September 14, 2022
Researchers have found a way to make rocket tools and parts on Mars through additive manufacturing.
Mixing a small amount of crushed Martian rock with a titanium alloy makes a stronger material in a 3D printing process that could one day be used on Mars.
The researchers made the parts with no more than five percent to 100 percent of the Martian regolith, a black powdery substance meant to simulate the inorganic rocky material found on the Red Planet’s surface.
Whereas the 5% Martian regolith portions were strong, the 100% Martian regolith portions proved to be brittle and easily cracked. However, even materials with a high Martian content would be useful in making coatings to protect equipment from rust or radiation damage, says Amit Bandyopadhyay, corresponding author of the study in the International Journal of Applied Ceramic Technology.
“In space, 3D printing has to happen if we want to think about a manned mission because we really can’t carry everything from here,” says Bandyopadhyay, a professor in the School of Mechanical and Materials Engineering at Washington State University. “And if we forget something, we can’t go back to get it.”
Bringing materials into space can be very expensive. For example, it costs NASA’s space shuttle about $54,000 to put just one kilogram of payload (about 2.2 pounds) into Earth’s orbit, the researchers note. Anything that can be made in space, or on the planet, will save weight and money — not to mention something happens, astronauts will need a way to fix it on site.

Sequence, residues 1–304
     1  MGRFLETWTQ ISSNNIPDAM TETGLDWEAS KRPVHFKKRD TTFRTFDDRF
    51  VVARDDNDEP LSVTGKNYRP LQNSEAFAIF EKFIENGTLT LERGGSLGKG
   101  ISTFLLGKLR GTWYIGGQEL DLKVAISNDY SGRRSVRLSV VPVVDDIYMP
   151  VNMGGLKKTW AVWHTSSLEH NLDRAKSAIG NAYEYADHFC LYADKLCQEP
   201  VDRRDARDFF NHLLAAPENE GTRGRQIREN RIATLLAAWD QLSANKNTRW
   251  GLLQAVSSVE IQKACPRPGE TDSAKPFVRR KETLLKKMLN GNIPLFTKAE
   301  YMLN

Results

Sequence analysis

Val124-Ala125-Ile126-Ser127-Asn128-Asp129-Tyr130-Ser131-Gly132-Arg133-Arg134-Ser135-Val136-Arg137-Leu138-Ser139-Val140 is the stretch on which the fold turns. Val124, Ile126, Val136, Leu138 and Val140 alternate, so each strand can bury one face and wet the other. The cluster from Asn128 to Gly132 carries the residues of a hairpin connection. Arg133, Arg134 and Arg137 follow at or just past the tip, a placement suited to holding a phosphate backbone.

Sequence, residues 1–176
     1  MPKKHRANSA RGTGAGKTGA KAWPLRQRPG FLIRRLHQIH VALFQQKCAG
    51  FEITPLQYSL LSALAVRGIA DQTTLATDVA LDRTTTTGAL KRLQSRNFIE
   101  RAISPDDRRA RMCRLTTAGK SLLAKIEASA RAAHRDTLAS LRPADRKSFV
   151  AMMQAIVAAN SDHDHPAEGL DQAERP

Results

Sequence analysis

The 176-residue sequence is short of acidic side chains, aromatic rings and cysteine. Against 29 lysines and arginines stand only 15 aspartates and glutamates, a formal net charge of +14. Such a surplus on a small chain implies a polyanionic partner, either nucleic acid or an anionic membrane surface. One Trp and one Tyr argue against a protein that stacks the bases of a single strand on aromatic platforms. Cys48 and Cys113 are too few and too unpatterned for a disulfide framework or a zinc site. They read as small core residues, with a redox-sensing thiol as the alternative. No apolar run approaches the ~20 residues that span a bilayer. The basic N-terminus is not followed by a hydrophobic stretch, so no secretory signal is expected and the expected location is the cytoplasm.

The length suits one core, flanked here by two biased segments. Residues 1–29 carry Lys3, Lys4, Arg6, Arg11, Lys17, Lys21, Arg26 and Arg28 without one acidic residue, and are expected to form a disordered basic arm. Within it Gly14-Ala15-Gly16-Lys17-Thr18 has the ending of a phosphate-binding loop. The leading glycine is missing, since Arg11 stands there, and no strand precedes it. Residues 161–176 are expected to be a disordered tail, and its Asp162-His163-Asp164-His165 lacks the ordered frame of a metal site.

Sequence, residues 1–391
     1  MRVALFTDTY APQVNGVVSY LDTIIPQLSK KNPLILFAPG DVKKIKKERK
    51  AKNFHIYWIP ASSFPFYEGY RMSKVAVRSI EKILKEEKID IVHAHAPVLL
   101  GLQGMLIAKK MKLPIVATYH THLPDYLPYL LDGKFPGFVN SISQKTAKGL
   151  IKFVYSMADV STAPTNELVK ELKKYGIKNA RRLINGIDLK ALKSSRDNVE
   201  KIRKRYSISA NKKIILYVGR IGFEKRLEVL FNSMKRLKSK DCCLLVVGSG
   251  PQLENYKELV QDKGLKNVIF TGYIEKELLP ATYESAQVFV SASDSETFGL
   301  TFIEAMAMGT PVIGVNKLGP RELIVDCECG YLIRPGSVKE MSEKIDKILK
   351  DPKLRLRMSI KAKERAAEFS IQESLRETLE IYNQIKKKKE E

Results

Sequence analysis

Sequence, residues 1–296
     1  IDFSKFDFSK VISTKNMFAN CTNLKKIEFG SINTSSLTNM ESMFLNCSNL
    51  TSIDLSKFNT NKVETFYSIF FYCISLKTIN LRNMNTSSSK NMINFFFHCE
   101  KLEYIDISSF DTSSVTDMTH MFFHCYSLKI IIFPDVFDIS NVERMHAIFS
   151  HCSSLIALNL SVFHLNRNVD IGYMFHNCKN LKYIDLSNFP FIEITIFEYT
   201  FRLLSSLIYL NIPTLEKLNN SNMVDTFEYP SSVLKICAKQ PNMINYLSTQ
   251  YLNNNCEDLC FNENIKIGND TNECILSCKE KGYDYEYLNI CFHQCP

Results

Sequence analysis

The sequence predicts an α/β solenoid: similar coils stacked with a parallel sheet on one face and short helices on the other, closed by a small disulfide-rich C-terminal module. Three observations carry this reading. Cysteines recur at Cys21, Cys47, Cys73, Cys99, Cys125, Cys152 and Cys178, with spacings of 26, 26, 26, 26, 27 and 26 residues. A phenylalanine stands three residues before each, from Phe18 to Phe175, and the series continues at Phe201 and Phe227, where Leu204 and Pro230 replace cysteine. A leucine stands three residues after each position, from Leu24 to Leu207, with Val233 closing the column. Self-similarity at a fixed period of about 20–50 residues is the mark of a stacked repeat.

Bandyopadhyay first demonstrated the feasibility of this idea in 2011 when his team used 3D printing to make parts of lunar regolith, simulating crushed moon rocks, for NASA. Since then, space agencies have embraced the technology, and the International Space Station has its own 3D printers to manufacture materials needed on site and for experiments.
In this study, Bandyobadiaye, along with graduate students Ali Afrosian and Kelin Traxl, used a powder-based 3D printer to mix simulated Martian rock dust with an alloy of titanium, a metal often used in space exploration for its strength and heat-resistant properties.
As part of the process, a high-powered laser heated the materials to more than 2,000 degrees Celsius. Next, the molten mixture of Martian regolith ceramics and mineral materials flowed onto a moving platform that allowed the researchers to create different sizes and shapes. After cooling the material, the researchers tested it for strength and durability.
The ceramic material made of 100 percent Martian rock dust cracked as it cooled, but as Bandyopadhyay points out, it can still make good coatings for radiation shields because cracks don’t matter in this context.
But a little bit of Martian dust, the mixture containing 5 percent of the regolith, not only cracked or exploded, but also showed better properties than the titanium alloy alone, meaning it could be used to make lighter-weight pieces that could withstand heavy loads.
“It gives a material better and higher strength and stiffness, so it can perform better in some applications,” he says.
Bandyopadhyay says this study is just the beginning. Future research may yield better compounds using different metals or 3D printing techniques.
“This is proving to be possible, and maybe we should think in that direction because it’s not just about making weak plastic parts, but metal-ceramic composite parts that are strong and can be used for any kind of structural part,” he says.
The National Science Foundation supported the research.